This module presents the opportunity for hands-on experience of laboratory, field and surveying techniques in physical geography appropriate to the domain of interest of the participants. To achieve these aims all students participate in six field projects on a eight day field course, some of which are completed in the laboratory back in Nottingham.

In addition, students choose further laboratory techniques to investigate in the second semester, leading to an individual project. The ethical, safety and fieldwork limitations of geographical work are also considered.

The aim of this module is to provide training in physical geography field and laboratory techniques.



Desert Geomorphology

This module addresses the research issues and problems in desert environments. The module opens with a definition of deserts environments and a description of the characteristic features of deserts around the world. Key topics include:

  • The nature of deserts, aridity and drylands 
  • Sediment production and weathering processes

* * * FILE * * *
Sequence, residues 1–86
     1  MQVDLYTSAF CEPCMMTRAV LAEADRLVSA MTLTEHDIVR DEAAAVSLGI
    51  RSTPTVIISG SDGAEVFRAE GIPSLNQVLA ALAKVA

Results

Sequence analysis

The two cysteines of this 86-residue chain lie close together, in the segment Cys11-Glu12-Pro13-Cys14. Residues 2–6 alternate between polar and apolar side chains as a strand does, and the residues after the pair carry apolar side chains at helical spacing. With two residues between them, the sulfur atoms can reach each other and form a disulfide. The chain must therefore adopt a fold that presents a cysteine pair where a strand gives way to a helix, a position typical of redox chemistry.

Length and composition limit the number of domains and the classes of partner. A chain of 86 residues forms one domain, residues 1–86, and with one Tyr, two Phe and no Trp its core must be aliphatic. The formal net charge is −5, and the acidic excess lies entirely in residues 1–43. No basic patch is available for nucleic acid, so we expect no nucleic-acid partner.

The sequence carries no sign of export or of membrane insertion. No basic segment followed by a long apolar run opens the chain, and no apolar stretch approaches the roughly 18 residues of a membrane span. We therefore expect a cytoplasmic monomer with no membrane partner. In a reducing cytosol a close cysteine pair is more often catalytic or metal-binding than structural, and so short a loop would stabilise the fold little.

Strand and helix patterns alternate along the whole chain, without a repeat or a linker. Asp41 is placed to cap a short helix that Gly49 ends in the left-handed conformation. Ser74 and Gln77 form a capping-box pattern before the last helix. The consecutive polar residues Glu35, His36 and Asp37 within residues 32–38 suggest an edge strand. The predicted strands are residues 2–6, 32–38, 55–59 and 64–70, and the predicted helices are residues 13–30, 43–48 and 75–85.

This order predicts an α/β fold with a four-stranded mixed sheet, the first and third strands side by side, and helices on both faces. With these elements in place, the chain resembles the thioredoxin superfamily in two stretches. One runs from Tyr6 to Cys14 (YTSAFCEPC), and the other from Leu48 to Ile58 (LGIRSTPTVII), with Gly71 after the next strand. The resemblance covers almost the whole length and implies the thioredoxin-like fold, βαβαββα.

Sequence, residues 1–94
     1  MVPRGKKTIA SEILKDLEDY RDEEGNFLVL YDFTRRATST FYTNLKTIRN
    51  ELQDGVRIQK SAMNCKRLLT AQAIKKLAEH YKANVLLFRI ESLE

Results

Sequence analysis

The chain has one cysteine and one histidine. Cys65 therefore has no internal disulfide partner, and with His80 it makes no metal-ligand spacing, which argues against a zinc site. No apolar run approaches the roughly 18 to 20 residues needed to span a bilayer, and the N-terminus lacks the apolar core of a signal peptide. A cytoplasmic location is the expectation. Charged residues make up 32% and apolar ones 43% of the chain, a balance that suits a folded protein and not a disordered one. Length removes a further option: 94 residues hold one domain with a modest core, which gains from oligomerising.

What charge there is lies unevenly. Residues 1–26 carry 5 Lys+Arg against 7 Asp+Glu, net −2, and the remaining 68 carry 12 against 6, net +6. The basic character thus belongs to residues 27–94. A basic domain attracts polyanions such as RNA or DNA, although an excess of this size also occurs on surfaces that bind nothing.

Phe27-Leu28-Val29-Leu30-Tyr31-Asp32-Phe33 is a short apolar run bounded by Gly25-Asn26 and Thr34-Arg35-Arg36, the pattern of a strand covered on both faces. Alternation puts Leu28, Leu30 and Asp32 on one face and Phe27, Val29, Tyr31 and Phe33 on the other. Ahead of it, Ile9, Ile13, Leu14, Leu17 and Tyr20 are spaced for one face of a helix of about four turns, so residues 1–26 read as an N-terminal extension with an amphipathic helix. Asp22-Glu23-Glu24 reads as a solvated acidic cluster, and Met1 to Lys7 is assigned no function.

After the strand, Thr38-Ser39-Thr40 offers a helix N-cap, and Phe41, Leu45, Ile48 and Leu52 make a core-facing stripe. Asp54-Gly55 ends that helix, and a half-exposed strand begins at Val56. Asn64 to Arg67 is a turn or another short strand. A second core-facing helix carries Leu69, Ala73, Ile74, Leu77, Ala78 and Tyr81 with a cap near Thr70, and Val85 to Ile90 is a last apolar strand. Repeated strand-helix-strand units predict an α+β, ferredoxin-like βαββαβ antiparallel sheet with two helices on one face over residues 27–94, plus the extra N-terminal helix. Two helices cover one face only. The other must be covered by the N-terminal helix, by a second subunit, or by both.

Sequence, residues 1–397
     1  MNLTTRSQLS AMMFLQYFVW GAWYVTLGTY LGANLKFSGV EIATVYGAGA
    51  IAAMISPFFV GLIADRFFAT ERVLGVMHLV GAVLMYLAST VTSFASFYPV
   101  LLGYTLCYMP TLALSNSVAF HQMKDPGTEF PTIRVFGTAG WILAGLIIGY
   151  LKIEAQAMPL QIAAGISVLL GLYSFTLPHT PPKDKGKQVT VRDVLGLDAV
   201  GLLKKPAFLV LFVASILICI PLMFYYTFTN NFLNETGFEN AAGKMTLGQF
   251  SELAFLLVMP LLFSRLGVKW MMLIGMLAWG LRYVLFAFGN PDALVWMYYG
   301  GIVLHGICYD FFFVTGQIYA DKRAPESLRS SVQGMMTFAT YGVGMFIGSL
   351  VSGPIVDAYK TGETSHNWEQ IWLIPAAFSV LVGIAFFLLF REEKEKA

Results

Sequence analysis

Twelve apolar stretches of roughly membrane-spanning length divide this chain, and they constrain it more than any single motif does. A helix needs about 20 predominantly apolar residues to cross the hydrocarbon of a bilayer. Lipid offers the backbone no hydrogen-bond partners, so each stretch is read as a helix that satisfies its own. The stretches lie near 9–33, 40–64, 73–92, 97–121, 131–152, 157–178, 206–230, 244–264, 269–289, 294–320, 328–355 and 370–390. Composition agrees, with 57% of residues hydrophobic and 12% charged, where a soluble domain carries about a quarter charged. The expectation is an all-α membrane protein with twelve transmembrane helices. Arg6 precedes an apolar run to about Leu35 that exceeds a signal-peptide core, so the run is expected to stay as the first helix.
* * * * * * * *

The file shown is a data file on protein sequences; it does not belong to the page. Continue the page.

• Sediment entrainment by wind 
  • The formation of sand dunes and dust deposits 
  • Desert surfaces
  • The role of water

Throughout the module emphasis is placed upon past and current research including experimental design.

This module aims to provide:

  • an understanding of the geomorphology of desert environments 
  • an ability to critically evaluate contested theories of desert landform development
  • an ability to evaluate the impact of vegetation and climate in desert processes
  • a foundation of skills and knowledge for further study of desert environments
Digital Explorers

This module provides a consideration of:

  • Introduction to GI Science/Systems/Studies/Services 
  • Spatial Data Types and Sources 
  • Vector Processing Algorithms 
  • Raster Processing Algorithms
  • Spatial Analysis and Decision Making 
  • Professional Training in ArcGIS 
  • Project planning, implementation and reporting